Retrospective queries for denials

Is it compliant to send  a query based on payer denials when the encounter is almost a year old? 


  • I don't think so. Most auditors would not accept a query generated after an audit report has been sent to a provider. I can't think of the reference off the top of my head, but I seem to recall that queries can be generated only up to 30 days post-discharge. Some auditors will specifically state that they will not accept queries generated after an audit has been received. In a word, no. 
  • Agree with above.  Most of our denials are from records that are months old so we wouldn't query on those records.  Even if we did get a denial from a recent discharge, we would not query and consider the chart closed at that point.

  • And even if for some reason you did work out a Justification for doing a query on the old case it will have no impact.  The vast majority of payers have time limits placed on the rebill period so even if you make a clear cut case of an error or correction, it will be passed the deadline for refilling and wont matter.  The one exception being that if you discover you owe Medicare Money which case all bets seem to be off and you have to rebill it under the false claims act. 
  • Yes, most payers will not accept such amendments, but more serious issue from my point of view is that you are running a compliance risk.

    Unless you discovered that information for one patient was accidentally documented in the other patient record, adding and amending documentation after such a long time will be non-compliant from HIM perspective.

    JCAHO does not provide a definite timeframe within which documentation amendments post-discharge are allowed, but most facilities accept 30 days as their internal policy..

    You probably have to discuss your internal process for documentation amendments with your HIM and Compliance departments/

  • In regards to the 30 days comment above ... don't know of any specific reference.

    Would suggest as more of a general comment, post discharge queries really should be posed during or immediately after the final coding process.
    There are occasionally cases that don't reach coding for more than 30 days post discharge as there may be other revenue cycle or other processes upstream that delay final coding occurring.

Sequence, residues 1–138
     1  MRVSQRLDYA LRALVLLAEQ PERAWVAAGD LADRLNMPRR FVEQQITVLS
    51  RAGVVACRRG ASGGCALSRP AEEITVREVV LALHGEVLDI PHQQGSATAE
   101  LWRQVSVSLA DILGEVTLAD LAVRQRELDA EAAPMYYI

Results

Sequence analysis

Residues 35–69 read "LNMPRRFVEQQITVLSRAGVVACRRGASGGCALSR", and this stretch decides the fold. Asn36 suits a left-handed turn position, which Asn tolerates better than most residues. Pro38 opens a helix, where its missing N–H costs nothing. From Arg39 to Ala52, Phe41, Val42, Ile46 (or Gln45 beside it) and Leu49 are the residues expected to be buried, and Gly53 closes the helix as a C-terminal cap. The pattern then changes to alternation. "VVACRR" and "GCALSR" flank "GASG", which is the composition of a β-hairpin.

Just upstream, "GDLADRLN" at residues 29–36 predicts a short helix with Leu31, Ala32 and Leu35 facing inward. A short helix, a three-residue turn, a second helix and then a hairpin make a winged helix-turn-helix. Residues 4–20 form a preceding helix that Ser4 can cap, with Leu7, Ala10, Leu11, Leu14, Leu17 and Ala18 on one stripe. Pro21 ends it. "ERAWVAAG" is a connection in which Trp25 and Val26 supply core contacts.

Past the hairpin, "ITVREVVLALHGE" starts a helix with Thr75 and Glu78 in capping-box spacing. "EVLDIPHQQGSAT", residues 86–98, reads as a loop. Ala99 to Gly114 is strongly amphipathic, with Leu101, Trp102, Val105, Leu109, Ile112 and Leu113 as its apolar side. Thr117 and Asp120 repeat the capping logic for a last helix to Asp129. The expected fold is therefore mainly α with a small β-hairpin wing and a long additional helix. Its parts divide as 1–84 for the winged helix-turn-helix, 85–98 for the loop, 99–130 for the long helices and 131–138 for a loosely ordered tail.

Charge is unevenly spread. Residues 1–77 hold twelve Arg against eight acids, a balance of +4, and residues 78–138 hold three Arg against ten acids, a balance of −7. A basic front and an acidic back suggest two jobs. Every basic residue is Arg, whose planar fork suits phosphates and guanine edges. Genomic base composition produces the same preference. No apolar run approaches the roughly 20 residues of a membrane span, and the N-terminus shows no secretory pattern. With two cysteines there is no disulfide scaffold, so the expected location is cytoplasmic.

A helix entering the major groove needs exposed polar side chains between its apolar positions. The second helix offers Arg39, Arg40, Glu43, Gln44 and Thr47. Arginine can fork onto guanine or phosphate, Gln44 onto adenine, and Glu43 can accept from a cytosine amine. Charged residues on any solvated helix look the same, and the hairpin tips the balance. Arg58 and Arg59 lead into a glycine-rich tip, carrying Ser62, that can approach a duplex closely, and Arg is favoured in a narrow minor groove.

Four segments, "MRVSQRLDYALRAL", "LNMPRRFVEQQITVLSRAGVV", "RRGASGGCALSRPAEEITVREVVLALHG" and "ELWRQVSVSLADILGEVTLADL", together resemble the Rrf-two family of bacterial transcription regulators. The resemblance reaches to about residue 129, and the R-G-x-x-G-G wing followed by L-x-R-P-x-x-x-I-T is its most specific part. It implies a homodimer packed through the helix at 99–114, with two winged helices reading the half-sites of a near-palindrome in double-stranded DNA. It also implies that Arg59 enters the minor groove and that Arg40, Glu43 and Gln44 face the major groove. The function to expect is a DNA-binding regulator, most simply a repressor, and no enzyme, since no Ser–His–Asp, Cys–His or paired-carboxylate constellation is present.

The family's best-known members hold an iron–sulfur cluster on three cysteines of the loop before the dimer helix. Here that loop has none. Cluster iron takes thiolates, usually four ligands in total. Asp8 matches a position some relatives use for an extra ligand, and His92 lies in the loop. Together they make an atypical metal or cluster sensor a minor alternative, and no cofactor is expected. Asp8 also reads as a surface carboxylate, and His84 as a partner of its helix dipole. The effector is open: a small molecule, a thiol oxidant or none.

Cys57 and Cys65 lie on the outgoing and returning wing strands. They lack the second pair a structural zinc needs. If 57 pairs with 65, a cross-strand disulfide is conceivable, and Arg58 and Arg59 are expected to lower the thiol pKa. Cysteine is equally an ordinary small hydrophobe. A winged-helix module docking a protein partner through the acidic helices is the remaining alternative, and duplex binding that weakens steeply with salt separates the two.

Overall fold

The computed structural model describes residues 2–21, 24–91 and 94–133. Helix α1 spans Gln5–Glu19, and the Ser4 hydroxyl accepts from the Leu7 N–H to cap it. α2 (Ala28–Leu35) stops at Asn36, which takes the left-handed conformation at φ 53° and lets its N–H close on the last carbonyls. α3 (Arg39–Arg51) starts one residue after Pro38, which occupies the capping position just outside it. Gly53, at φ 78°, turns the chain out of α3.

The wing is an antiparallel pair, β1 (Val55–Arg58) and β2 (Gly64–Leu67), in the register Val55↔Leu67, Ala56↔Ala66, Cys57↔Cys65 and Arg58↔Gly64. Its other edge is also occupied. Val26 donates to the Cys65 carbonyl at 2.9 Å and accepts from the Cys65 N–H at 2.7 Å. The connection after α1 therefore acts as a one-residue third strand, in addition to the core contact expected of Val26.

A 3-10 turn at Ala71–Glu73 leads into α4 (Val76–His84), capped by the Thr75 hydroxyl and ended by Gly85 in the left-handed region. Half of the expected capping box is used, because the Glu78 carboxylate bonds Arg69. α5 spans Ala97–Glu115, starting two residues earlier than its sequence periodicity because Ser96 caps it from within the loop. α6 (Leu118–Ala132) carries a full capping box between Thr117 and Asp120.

• Medicare accepts rebills for 1 year but hospitals do not like to do them unless absolutely necessary as it draws compliance attention and invites unwanted audits. 
  • Alan I thought you had to rebill for a higher-weighted DRG within 60 days of initial remittance and that CMS would accept a rebill for a lower-weighted DRG with no time limit. Has that changed or am I delusional?
  • Thank you to everyone that has provided feedback.  below are some of the references I have found. I still do not feel we have a clear answer. I see this dilemma as ultimately setting the patient record straight. If there is no time limit on reporting a complications then why is there a time limit on clarifying information in the record? I will post more as I peel back this onion...  


    Code of Federal Regulations (CFR) > Title 42 (The Public Health and Welfare) > Chapter IV > Subchapter G > Part 482 > Subpart C > Section 482.24 Condition of participation: Medical record services.

    The hospital must have a medical record service that has administrative responsibility for medical records. A medical record must be maintained for every individual evaluated or treated in the hospital.

    (c)Standard: Content of record. The medical record must contain information to justify admission and continued hospitalization, support the diagnosis, and describe the patient's progress and response to medications and services.

    (4) All records must document the following, as appropriate:

    (viii) Final diagnosis with completion of medical records within 30 days following discharge.



    #3 is mostly related to my question as to whether a retrospective query is compliant or acceptable when seeking clarification on record (even if it is brought to hospital attention by auditing company).  This still does not give a black and whit answer to the question at hand.


  • Although you cant query- these records are great teaching tools to the providers after the fact. You wont change that record but you might prevent future denials.
  • There are no regulations that I was able to find, other then payor contracts that state query has to be submitted within 60 days. Allen is correct, Medicare allows rebills even for higher weighted DRG up to 1 year. 3 years for quality, non-financial rebill. Other Medicare Advantage plans have to abide by the same regulation. For Medicaid and Medicaid Advantage plans in CA it is 3 months.

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